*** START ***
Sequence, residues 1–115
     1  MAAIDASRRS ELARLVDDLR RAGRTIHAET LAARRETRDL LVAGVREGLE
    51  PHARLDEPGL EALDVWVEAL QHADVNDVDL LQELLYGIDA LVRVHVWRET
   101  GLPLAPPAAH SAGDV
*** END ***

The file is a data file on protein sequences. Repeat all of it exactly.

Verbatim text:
Sequence, residues 1–115
     1  MAAIDASRRS ELARLVDDLR RAGRTIHAET LAARRETRDL LVAGVREGLE
    51  PHARLDEPGL EALDVWVEAL QHADVNDVDL LQELLYGIDA LVRVHVWRET
   101  GLPLAPPAAH SAGDV